Saint Augustine of Hippo (354-430), whose feast day we celebrated yesterday. Bishop, confessor, Doctor of the Church, and one of the Four Great Fathers of the Latin Church, Augustine is one of the most influential thinkers and writers of Catholicism. His legacy in written works numbers at over 100 books, and 5,000,000 words! Within those words, the philosophy and virtues of our faith are revealed, inspiring us to a closer relationship with the Lord.
Today, we read an excerpt from the Confessions, in which Augustine touches on themes of suffering, and a meditation on the Book of Job-- "Lord, You Know Me."
Let me know you, O you who know me; then shall I know even as I am known. You are the strength of my soul; make your way in and shape it to yourself, that it may be yours to have and to hold, free from stain or wrinkle. I speak because this is my hope, and whenever my joy springs from that hope it is joy well founded. As for the rest of this life’s experiences, the more tears are shed over them the less they are worth weeping over, and the more truly worth lamenting the less do we bewail them while mired in them. You love the truth because anyone who “does truth” comes to the light. Truth it is that I want to do, in my heart by confession in your presence, and with my pen before many witnesses.
But the abyss of the human conscience lies naked to your eyes, O Lord, so would anything be secret even if I were unwilling to confess to you? I would be hiding you from myself, but not myself from you. But now that my groans bear witness that I find no pleasure in myself, you shed light upon me and give me joy, you offer yourself, lovable and longed for, that I may thrust myself away in disgust and choose you, and be pleasing no more either to you or to myself except in what I have from you.
To you, then, Lord, I lie exposed, exactly as I am. I have spoken of what I hope to gain by confessing to you. My confession to you is made not with words of tongue and voice, but with the words of my soul and the clamour of my thought, to which your ear is attuned; for when I am bad, confession to you is simply disgust with myself, but when I am good, confession to you consists in not attributing my goodness to myself, because though you, Lord, bless the person who is just, it is only because you have first made him just when he was sinful. This is why, O Lord, my confession in your presence is silent, yet not altogether silent: there is no noise to it, but it shouts by love.
For it is you, Lord, who judge me. No-one knows what he himself is made of, except his own spirit within him, yet there is still some part of him which remains hidden even from his own spirit; but you, Lord, know everything about a human being because you have made him. And though in your sight I may despise myself and reckon myself dust and ashes, I know something about you which I do not know about myself.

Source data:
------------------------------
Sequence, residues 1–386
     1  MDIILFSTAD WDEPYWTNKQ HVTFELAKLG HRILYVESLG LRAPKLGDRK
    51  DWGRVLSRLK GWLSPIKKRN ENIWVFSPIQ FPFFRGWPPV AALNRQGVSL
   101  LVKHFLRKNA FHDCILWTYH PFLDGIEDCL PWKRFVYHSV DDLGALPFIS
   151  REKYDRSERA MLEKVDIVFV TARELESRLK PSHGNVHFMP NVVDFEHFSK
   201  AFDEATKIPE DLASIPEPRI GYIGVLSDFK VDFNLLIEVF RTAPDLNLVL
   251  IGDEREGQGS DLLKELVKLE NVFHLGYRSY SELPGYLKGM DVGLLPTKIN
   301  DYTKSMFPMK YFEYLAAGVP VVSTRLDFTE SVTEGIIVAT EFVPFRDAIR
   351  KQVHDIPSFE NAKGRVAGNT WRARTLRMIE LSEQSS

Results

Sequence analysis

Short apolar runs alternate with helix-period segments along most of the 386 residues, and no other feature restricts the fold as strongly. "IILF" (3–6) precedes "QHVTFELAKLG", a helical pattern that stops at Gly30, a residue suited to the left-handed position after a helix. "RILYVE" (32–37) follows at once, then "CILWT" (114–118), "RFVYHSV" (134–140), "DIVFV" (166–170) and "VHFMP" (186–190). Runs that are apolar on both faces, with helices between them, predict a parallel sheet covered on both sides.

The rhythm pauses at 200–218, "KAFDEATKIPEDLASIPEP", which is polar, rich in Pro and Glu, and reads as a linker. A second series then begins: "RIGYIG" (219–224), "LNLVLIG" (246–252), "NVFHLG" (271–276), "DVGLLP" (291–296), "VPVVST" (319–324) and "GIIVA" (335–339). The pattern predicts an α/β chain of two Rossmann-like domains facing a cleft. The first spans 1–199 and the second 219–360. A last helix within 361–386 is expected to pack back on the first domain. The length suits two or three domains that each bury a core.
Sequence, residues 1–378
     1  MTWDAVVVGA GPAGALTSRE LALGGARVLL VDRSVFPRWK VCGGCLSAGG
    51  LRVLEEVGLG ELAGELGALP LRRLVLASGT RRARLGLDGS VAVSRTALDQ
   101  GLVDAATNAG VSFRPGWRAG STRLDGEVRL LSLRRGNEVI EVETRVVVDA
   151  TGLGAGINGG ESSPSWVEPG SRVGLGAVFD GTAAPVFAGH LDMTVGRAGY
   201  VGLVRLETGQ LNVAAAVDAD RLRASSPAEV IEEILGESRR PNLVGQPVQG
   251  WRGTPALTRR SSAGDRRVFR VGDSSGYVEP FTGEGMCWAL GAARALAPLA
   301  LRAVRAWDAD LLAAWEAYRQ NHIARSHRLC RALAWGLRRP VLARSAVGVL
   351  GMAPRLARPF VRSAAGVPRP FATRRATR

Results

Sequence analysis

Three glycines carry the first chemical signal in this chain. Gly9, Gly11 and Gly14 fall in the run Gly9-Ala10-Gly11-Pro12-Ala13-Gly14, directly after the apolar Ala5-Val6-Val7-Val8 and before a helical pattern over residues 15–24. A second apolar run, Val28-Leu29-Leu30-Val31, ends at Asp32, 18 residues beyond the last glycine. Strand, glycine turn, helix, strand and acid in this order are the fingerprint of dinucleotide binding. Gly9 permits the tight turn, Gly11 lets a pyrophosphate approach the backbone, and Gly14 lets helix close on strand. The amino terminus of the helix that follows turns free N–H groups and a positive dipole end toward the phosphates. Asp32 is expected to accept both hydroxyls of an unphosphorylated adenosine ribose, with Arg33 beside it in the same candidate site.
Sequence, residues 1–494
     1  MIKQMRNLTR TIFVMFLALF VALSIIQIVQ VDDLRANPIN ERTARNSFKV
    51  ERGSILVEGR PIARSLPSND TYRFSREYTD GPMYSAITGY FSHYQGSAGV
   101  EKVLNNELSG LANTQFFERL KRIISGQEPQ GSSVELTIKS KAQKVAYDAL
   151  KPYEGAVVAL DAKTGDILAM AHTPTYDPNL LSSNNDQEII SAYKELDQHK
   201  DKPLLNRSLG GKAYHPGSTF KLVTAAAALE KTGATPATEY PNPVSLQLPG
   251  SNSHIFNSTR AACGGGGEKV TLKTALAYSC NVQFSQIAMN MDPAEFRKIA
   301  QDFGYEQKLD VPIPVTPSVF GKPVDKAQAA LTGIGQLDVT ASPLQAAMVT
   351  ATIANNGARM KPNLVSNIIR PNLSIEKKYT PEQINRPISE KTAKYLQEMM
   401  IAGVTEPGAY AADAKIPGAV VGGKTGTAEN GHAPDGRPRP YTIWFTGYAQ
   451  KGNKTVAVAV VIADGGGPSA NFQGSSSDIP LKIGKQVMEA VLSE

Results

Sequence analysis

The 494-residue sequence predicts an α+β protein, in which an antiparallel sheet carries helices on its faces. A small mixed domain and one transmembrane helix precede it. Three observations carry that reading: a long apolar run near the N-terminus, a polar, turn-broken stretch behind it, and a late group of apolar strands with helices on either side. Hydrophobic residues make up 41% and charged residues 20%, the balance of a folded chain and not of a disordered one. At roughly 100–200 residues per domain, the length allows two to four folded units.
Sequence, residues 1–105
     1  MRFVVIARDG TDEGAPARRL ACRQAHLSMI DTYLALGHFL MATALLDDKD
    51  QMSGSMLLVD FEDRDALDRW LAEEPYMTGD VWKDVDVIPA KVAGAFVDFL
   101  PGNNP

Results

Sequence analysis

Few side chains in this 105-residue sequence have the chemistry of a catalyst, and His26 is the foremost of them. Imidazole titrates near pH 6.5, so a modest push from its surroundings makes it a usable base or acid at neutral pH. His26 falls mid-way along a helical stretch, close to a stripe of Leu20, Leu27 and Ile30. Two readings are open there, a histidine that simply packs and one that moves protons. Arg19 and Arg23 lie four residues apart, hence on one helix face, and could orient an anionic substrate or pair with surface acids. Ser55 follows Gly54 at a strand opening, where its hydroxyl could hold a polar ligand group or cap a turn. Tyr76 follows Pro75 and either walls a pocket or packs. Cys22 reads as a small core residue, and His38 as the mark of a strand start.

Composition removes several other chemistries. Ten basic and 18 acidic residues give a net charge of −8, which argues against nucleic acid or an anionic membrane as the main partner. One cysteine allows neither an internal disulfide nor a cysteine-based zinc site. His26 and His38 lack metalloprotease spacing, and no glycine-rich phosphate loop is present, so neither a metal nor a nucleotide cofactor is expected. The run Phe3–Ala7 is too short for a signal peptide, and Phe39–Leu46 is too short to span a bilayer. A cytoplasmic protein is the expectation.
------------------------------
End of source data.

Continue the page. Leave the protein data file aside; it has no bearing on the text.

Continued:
It is true that we now see only a tantalizing reflection in a mirror, and so it is that while I am on pilgrimage far from you I am more present to myself than to you; yet I do know that you cannot be defiled in any way whatever, whereas I do not know which temptations I may have the strength to resist, and to which ones I shall succumb. Our hope is that, because you are trustworthy, you do not allow us to be tempted more fiercely than we can bear, but along with the temptation you ordain the outcome of it, so that we can endure.
Let me, then, confess what I know about myself, and confess too what I do not know, because what I know of myself I know only because you shed light on me, and what I do not know I shall remain ignorant about until my darkness becomes like bright noon before your face.
Why pray the Rosary every day for a year?
Each time the Blessed Virgin has appeared-- whether it be to Saint Bernadette Soubirous at Lourdes; to Lucia, Jacinta, and Francisco at Fatima; or to Mariette Beco at Banneux-- she has asserted the importance, saving grace, and power of praying the Holy Rosary on a daily basis. Based upon her words, the Rosary is penance and conversion for sinners, a pathway to peace, an end to war, and a powerful act of faith in Jesus Christ. Pope Paul VI presented the Rosary as a powerful means to reach Christ "not merely with Mary but indeed, insofar as this is possible to us, in the same way as Mary, who is certainly the one who thought about Him more than anyone else has ever done."
To show us how this is done, perhaps no one has been more eloquent than the great Cardinal Newman, who wrote: "The great power of the Rosary consists in the fact that it translates the Creed into Prayer. Of course, the Creed is already in a certain sense a prayer and a great act of homage towards God, but the Rosary brings us to meditate again on the great truth of His life and death, and brings this truth close to our hearts. Even Christians, although they know God, usually fear rather than love Him. The strength of the Rosary lies in the particular manner in which it considers these mysteries, since all our thinking about Christ is intertwined with the thought of His Mother, in the relations between Mother and Son; the Holy Family is presented to us, the home in which God lived His infinite love."
As Mary said at Fatima, "Jesus wants to use you to make Me known and loved. He wishes to establish the devotion to My Immaculate Heart throughout the world. I promise salvation to whoever embraces it; these souls will be dear to God, like flowers put by Me to adorn his throne."